Robb wants his letter legitimizing Jon to go North, and so he either gave it to the party of lords heading that way, or to the sea captain. But Robb wouldn’t have given Mormont and Glover both false orders and a real one, so it’s most likely that the captain got the letter. (If you’re interested, here’s the lengthy and convincing full argument.)

The next critical question is, of course: who the letter is being sent to? There’s a straightforward answer: Wyman Manderly, the lord of White Harbor, the biggest port in the North and one of the few Northern bannermen still in the North during the War of the Five Kings. He was a safe and trustworthy ally and easily reached by sea. If the worst befell Robb (which it did!), Lord Manderly could relay the message to the other Northern lords and to Jon Snow himself.

The Grand Northern Conspiracy

Could 'Winds of Winter' change Jon Snow's fight with Ramsay Bolton?


In Game of Thrones Season 6, a freshly resurrected Jon Snow rolls into Winterfell just in time for the “Battle of the Bastards.” He defeats Ramsay Bolton with Sansa’s help, but then the northern lords steal her thunder by declaring Jon the new King in the North. It made sense in the show. But what if there’s even more to it in the books? If Robb’s letter turns up in the right hands, it actually gives the Northerners a much stronger reason to support Jon, beyond just thinking he’s kind of a chill dude. With that letter, he’ll be kind of a chill dude who is also Ned Stark’s trueborn heir, Jon Stark.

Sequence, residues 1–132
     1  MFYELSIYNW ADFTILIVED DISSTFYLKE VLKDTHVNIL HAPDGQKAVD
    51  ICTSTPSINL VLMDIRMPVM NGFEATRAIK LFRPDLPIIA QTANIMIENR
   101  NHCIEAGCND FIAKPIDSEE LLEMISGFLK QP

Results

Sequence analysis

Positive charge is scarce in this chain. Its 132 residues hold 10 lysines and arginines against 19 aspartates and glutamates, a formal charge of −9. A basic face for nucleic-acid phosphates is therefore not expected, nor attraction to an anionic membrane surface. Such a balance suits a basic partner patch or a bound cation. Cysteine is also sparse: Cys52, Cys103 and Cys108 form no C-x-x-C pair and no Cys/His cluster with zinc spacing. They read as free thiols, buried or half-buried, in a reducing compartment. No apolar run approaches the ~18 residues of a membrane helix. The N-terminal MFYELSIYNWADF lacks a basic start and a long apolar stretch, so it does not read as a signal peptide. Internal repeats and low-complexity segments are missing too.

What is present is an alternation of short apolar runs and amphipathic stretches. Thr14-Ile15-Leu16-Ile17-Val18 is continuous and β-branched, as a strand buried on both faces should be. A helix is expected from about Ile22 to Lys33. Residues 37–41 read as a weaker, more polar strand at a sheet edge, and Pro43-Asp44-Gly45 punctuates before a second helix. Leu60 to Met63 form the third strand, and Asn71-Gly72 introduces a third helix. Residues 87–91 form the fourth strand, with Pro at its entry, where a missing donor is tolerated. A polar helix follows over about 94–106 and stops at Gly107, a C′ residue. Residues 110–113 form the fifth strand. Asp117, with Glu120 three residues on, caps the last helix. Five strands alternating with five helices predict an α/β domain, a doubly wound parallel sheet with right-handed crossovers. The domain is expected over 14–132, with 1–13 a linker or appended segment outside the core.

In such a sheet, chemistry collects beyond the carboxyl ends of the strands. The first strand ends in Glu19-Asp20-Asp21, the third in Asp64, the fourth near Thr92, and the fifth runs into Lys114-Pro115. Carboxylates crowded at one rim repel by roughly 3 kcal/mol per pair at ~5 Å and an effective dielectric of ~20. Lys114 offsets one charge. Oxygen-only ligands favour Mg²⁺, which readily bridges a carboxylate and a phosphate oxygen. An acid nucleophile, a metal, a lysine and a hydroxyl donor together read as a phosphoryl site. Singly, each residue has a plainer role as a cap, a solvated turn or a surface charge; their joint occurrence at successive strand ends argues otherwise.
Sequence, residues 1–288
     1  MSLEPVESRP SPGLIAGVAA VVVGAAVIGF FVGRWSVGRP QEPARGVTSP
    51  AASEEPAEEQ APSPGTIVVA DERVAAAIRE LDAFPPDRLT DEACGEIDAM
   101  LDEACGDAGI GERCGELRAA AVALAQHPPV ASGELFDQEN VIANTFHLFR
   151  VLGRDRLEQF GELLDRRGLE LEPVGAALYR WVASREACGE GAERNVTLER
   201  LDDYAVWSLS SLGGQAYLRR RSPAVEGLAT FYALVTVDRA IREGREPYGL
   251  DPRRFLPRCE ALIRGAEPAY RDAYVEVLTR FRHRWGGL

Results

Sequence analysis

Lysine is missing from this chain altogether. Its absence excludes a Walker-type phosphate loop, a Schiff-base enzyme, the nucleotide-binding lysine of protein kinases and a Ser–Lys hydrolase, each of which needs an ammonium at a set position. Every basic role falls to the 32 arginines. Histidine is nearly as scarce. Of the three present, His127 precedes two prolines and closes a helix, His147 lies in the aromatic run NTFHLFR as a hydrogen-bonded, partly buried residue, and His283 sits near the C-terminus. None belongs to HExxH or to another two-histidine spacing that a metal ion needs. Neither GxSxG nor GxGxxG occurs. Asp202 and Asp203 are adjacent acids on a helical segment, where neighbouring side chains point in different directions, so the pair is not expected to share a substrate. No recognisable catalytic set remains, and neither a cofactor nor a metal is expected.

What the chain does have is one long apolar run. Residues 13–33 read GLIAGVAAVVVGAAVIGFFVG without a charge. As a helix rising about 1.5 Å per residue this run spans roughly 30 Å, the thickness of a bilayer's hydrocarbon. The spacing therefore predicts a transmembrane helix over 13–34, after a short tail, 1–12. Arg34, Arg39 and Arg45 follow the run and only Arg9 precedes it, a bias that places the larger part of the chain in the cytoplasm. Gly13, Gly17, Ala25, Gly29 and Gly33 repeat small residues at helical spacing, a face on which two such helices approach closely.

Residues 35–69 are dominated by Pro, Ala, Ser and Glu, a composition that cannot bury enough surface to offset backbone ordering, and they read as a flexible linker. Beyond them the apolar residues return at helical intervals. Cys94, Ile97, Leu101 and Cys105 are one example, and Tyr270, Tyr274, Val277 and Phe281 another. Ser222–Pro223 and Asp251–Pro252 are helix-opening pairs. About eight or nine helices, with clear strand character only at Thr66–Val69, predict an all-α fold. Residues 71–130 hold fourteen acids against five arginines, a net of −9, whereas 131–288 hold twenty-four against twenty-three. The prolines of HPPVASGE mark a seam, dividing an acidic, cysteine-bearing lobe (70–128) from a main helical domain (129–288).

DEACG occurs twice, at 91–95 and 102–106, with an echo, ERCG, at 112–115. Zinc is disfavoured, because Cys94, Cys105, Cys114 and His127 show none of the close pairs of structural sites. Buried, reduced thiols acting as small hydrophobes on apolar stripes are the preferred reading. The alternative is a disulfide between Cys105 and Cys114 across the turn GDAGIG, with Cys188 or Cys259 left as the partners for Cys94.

The Grand Northern Conspiracy, a popular and extremely long fan theory, suggests that this is exactly what will happen… and that the wheels are already in motion. In A Dance with Dragons, the Northern lords are split in their claimed allegiances. Some are half-heartedly supporting House Bolton. Others are committed to Stannis and/or anyone else who can kick the Boltons out.

Wyman Manderly, the most likely recipient of Robb’s letter, publicly claims to be on Team Bolton. But he spends his time pretending to execute Davos while secretly helping him and baking Frey boys into pies (literally). He explicitly tells Davos that he owes the Starks a debt and is just playing along with the Lannisters and Boltons. Considered in light of the possibility that Wyman knows Jon is now Robb’s true heir, his actions make sense. And once the Boltons are defeated, he can reveal the big news.

Just like in the show, Jon Snow is probably going to get resurrected in Winds of Winter. After that, he’ll leave the Night’s Watch and head to Winterfell to save his family, and maybe Stannis as well. If the show is any guide, he’ll be crowned King in the North. And, if the information from Robb’s letter made it intact (or if any of the other witnesses survived), he’ll become a trueborn Stark.

And that’s where things really get interesting. Because Jon Snow isn’t a trueborn Stark, or a bastard Stark, but a trueborn Targaryen. In the show, Bran found out that Jon was a Targaryen in the same episode he was crowned King. The irony was palpable. If it plays out similarly in Winds of Winter, Jon will finally achieve his most fervent wish to be Ned’s trueborn son just as we learn he isn’t Ned’s son at all. Wheels will be set in motion that will end his time in the North and likely force him to partner with Daenerys. The King in the North will soon be riding dragons and falling in love with his aunt instead of fulfilling his lifelong dream: ruling justly but dourly from the drafty castle of Winterfell. Poor Jon Snow. He just can’t catch a break.